How to Design Environmentally Beneficial Tax Incentives

This blog is based on a WIFO working paper by the authors (here).

The fight against climate change requires effective economic policy instruments. In addition to environmental taxes, such as a carbon tax, environmentally beneficial tax incentives that favour less polluting consumption and investment activities can be used to promote climate-friendly behaviour. As governments around the world search for measures to counter the negative economic effects of the COVID-19 pandemic, environmentally beneficial tax incentives combining potential stimulus effects with climate protection, thus supporting a green recovery, have been moving up agendas recently: Austria, for example, implemented a reduced VAT rate for small repairs, Italy introduced a tax incentive for energy efficient renovation, and the UK is currently considering proposals to cut VAT for green home improvements.

According to the OECD, an environmental tax relief or tax incentive is a government measure that aims at steering expenditure of individuals and businesses away from environmental “bads” towards environmental “goods” by reducing the amount of tax that they have to pay for the latter compared to the former. Tax incentives thus imply that the government foregoes tax revenues to favour less polluting consumption and investment in order to achieve environmental policy goals and thus address positive externalities. In other words, a beneficial tax incentive encourages behaviour that generates additional social benefits which would not have been created without the subsidy.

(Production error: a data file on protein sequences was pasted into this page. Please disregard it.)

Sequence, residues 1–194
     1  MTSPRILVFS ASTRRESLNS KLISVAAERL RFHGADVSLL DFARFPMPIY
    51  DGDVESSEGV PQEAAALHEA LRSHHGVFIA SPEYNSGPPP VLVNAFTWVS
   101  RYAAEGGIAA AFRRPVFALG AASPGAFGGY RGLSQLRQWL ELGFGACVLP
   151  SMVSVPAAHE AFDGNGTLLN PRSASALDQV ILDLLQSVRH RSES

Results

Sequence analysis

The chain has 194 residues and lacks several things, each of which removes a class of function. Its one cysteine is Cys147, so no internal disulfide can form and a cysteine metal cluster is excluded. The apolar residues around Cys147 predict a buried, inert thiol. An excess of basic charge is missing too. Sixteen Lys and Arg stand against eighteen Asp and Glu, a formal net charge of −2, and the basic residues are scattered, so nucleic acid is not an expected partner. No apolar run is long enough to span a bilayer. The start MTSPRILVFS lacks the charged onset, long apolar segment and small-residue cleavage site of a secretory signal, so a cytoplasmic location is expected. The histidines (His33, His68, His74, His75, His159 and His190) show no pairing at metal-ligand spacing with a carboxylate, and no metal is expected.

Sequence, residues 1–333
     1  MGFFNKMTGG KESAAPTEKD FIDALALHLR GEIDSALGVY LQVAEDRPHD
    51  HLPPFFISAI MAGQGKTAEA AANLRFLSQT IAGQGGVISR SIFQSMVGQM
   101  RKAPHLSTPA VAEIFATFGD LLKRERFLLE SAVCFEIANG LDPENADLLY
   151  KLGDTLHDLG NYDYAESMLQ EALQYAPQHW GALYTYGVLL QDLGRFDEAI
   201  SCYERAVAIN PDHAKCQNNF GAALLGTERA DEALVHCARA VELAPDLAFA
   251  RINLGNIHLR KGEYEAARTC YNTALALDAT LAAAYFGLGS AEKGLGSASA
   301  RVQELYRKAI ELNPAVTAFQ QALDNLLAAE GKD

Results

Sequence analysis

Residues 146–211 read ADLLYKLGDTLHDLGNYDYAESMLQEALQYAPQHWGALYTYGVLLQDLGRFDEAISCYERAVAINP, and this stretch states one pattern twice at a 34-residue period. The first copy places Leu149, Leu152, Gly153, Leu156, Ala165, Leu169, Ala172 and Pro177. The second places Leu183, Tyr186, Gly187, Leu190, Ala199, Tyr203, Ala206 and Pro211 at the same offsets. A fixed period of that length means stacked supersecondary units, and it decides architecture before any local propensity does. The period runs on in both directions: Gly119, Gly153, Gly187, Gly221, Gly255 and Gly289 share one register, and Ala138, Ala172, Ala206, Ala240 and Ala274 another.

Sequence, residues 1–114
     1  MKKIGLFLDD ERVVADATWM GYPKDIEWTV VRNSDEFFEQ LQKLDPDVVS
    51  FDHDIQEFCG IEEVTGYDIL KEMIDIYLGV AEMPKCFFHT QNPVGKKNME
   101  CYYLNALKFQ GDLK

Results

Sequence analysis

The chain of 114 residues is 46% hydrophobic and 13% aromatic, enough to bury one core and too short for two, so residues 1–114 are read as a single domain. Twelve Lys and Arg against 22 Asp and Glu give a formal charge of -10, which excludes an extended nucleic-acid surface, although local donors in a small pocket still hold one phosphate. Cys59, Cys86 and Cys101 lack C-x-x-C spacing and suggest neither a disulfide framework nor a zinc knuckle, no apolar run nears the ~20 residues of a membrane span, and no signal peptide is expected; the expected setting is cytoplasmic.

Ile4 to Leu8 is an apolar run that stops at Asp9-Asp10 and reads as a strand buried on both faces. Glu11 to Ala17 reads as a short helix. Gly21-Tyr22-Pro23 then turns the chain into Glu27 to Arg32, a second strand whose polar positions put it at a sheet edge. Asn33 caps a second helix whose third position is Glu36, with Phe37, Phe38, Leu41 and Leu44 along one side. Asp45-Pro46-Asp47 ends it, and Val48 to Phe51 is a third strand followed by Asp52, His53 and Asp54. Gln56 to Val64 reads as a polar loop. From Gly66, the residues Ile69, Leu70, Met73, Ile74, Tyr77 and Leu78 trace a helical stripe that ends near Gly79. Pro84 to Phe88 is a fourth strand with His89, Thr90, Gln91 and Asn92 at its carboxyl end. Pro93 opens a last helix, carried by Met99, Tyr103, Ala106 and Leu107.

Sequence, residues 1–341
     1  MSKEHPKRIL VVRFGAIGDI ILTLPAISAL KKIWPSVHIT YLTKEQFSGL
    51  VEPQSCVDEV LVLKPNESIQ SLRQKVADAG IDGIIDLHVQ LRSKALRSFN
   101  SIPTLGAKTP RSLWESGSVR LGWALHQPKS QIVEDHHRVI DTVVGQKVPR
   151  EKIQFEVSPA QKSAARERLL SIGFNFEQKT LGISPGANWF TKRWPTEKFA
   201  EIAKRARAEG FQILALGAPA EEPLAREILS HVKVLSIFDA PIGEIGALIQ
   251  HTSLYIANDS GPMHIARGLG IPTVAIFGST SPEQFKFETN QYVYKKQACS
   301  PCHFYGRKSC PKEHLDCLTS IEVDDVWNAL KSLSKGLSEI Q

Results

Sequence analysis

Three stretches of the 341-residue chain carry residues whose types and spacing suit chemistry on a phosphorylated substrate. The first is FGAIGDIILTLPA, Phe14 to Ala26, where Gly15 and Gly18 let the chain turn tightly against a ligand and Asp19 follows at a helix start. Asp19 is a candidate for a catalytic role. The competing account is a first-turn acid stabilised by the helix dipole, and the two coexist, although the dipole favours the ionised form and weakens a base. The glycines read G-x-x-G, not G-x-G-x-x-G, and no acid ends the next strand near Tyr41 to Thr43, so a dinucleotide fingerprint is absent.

In general, there are several aspects that should be considered in the decision whether to implement tax incentives and how to design them. In contrast to environmental taxes, environmentally beneficial tax incentives are often discussed as a complementary instrument in order to tackle specific environmental problems. The argument is that a combination of instruments, such as a tax in combination with a tax relief, can achieve a policy objective at lower costs than a stand-alone tax. In general, which policy instrument or which instrument mix is ultimately chosen should be based on a thorough analysis of different aspects, such as tax policy arguments, or how a specific policy objective can be achieved at the lowest cost and with the highest probability of achieving a stated goal. Finally, aspects of political acceptance also play a role. In particular, a combination of a tax incentive and an environmental tax can increase the acceptance of the latter and prepare the ground for its implementation.

The Diversity of Environmental Tax Incentives

Tax incentives to support environmentally friendly behaviour are much more diverse across countries than environmental taxes, in particular with regard to:

  • the supported economic activity (consumption versus investment)
  • the concrete environmentally relevant activity they try to influence (e.g. purchase and use of cars, use of public transport, use of biofuels and renewable energy, investment and research in energy efficiency and clean technologies)
  • the economic actors they benefit (private households versus firms)
  • the concrete tax they are built into (direct taxes, i.e. personal and corporate income tax, versus indirect taxes, i.e. consumption taxes), as well as
  • their concrete design (direct taxes: reduced tax rates, tax allowances reducing taxable income versus tax credits reducing tax liability; indirect taxes: reduced tax rates, total or partial exemption of tax base).